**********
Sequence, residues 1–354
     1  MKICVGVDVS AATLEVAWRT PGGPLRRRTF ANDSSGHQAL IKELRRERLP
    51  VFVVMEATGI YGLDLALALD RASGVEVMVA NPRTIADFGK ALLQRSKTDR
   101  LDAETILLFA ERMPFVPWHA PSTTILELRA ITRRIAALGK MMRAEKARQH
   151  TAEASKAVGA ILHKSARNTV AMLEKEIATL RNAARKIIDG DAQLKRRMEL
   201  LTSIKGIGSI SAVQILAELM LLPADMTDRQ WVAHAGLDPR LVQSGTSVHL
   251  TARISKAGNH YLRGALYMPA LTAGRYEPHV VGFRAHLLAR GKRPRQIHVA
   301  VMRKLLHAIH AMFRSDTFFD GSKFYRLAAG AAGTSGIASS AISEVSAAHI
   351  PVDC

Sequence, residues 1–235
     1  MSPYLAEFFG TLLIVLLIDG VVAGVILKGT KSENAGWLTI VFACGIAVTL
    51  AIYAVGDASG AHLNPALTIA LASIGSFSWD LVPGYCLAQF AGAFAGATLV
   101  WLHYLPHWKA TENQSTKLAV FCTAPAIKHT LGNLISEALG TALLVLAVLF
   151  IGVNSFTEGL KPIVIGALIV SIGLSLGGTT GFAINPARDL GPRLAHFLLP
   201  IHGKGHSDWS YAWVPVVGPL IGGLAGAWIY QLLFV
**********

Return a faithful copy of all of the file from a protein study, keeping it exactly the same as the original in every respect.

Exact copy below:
Sequence, residues 1–354
     1  MKICVGVDVS AATLEVAWRT PGGPLRRRTF ANDSSGHQAL IKELRRERLP
    51  VFVVMEATGI YGLDLALALD RASGVEVMVA NPRTIADFGK ALLQRSKTDR
   101  LDAETILLFA ERMPFVPWHA PSTTILELRA ITRRIAALGK MMRAEKARQH
   151  TAEASKAVGA ILHKSARNTV AMLEKEIATL RNAARKIIDG DAQLKRRMEL
   201  LTSIKGIGSI SAVQILAELM LLPADMTDRQ WVAHAGLDPR LVQSGTSVHL
   251  TARISKAGNH YLRGALYMPA LTAGRYEPHV VGFRAHLLAR GKRPRQIHVA
   301  VMRKLLHAIH AMFRSDTFFD GSKFYRLAAG AAGTSGIASS AISEVSAAHI
   351  PVDC

Sequence, residues 1–235
     1  MSPYLAEFFG TLLIVLLIDG VVAGVILKGT KSENAGWLTI VFACGIAVTL
    51  AIYAVGDASG AHLNPALTIA LASIGSFSWD LVPGYCLAQF AGAFAGATLV
   101  WLHYLPHWKA TENQSTKLAV FCTAPAIKHT LGNLISEALG TALLVLAVLF
   151  IGVNSFTEGL KPIVIGALIV SIGLSLGGTT GFAINPARDL GPRLAHFLLP
   201  IHGKGHSDWS YAWVPVVGPL IGGLAGAWIY QLLFV